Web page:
From punk-rock to 60s big band music, here are some of the songs that represent Bogotá’s personality, stories, and moods.
Bogotá draws thousands of people from all over Colombia, and other countries, every year. The city’s loud blend of cultures and experiences has created one of the most vibrant music scenes in Latin America. This special musical sauce is defined by experimentation—crossing traditional cumbia rhythms, electronic music, and Afro-Caribbean styles with salsa, rock, and ska—and has made Bogotá a wellspring for music that has conquered the U.S. and the rest of the world. The city is is also one of the best staging grounds for emerging local artists to find an audience—and an identity—for their music. From punk-rock to 1960s big band music, here are some of the songs that represent Bogotá’s personality, stories, and moods.
Merecumbé en Bogotá by Pacho Galán
Pacho Galán is one of the most well-known Colombian musicians of the mid-20th century. Born in Soledad, Atlántico, in the northern part of the country, his music is a staple of the golden age of Caribbean music in Colombia. He was also one of the pioneers of the big band genre, and the inventor of the merecumbé—a fusion of indigenous cumbia and merengue that is still played at almost every Colombian family party. Bogotá got its very own Pacho Galán merecumbé: “Merecumbé en Bogotá” is a throwback to what an orchestra party felt like in the 60s—and this is still the signature soundtrack to many a Colombian New Year’s Eve.
Orden público alterado by Hora Local, 1991
Hora Local is Bogota’s most well-known punk-rock band, an essential part of the city’s underground scene since their founding in 1986. Their album Orden Público (1990), produced by Mani Moure––a member of Madrid’s famous band, Los Toreros Muertos––contains their best-known hits, such as “La chica de Chernobyl,” “Londres,” “Pasó de todo,” and “Orden público alterado.” The latter is a song about social protest, war, and police brutality—the latte how how riots tended to end in (badly) in Colombia’s capital.
Bolero Falaz by Aterciopelados, 1995
Aterciopelados were one of the biggest Colombian rock bands of the 1990s. “Bolero Falaz” is an ode to downtown Bogotá—and to the 90s music-video aesthetic. The Colpatria Tower (until recently, the tallest building in Colombia), the well-known “busetas” (local buses that have been displaced by the new transportation system TransMilenio), and the scenes of daily life in the video—accompanied by singer Andrea Echeverri’s voice—capture the feeling of 90s Bogota perfectly.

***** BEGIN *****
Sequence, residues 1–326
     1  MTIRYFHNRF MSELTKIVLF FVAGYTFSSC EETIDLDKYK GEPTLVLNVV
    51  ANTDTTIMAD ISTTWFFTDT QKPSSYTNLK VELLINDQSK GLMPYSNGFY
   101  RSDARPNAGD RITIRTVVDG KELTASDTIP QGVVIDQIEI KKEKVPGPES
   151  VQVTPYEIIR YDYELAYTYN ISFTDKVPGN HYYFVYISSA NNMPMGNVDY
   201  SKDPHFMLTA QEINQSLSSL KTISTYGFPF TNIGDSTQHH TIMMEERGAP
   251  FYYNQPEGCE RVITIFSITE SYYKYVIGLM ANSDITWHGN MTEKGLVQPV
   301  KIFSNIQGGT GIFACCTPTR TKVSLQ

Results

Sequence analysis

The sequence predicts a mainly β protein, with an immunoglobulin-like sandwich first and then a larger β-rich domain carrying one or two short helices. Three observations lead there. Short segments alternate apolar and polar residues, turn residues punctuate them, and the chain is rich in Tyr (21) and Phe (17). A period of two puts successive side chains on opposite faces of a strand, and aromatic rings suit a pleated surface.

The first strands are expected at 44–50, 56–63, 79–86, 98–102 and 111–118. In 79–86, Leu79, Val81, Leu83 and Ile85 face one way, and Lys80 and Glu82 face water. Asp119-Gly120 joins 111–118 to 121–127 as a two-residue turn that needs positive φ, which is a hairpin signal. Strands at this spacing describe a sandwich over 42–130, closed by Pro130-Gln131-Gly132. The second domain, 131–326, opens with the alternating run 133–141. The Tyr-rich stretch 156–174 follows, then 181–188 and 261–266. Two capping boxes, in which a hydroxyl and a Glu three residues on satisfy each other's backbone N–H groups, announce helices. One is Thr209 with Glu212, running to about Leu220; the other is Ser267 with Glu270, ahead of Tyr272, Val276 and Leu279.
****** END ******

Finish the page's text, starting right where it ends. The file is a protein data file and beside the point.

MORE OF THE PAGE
Esto no es Madrid by Orquesta Sinfónica de Chapinero, 1990
The Orquesta Sinfónica de Chapinero, named after the (now affluent but then middle-class) Chapinero neighborhood, was founded in 1989 by Eduardo Arias (a member of Hora Local) and Karl Troller (founder of the Chapinero magazine). They made Bogotá–and its everyday sounds—the protagonist of their first album, ¡Gaitanista! (after murdered presidential candidate Jorge Elíecer Gaitán, whose death sparked country-wide riots in 1948.) The album concept is that archaeologists find the remains of an ancient city called Bogotá, and with the help of the Orquesta Sinfónica de Chapinero, they rediscover the city though its sounds, even its most mundane—including busetas, the malls selling counterfeit goods (called sanandrecitos), cab drivers, and doormen.
Ay, qué dolor by La Derecha, 1994
La Derecha was also an essential musical presence in Bogotá in the 1990s. This motorbike-themed video reveals some of the chaos of the city during that era, and tells a story about being young and ambitious. Since then, Bogotá has been the background of many other of La Derecha’s music videos, including songs such as “Ruido” and “Emociones” from their 2012 album Polvo Eres.
Gózalo by La 33, 2004
Quiebracanto, a bar in downtown Bogotá, witnessed the early days of La 33—a salsa band that was unusual for playing a style of music typically associated with the city of Cali, but made up of people from Bogotá, or “Rolos”. They rehearsed at Calle 33 (the street for which they are named) in the Teusaquillo neighborhood, and every Wednesday night, the band got together to get the party started at Quiebracanto, and local would try our some some dance moves (I say “try,” because we Rolos aren’t famous for our dancing skills). Their song “Gózalo” starts each of their shows, getting people in the mood for more salsa nights downtown.
Dejá by Sidestepper, 2006
By taking Afro-Caribbean sounds and mixing them with electronic beats, Sidestepper was one of the vanguards of the boom in Colombian artists and music that went on the dominatate music festivals around the world. One of their biggest hits, “Dejá,” explores the neighborhoods of Chapinero and La Candelaria and recreates the feeling of a night out in Bogotá.
Bogotá by Ondatrópica, 2017
Since the early 2000s, many bands in Bogotá have rediscovered traditional music from other Colombian regions (cumbia, currulao, porro, and champeta, among others), fusing these styles with funk, jazz, rap, and ska, to name a few. In recent years, some Bogotano musicians from prestigious music programs in the city’s universities have collaborated with local music legends from the Pacific and the Caribbean coasts to make music. Ondatrópica is one of these projects—involving Bogotano Mario Galeano, of Frente Cumbiero, and the English producer Will Holland (also known as Quantic). Galeano and Holland team up with a long line-up of regional masters of Colombian music. The result: songs like “Bogotá”—a tribute to the city’s openness to experimentation and collaboration.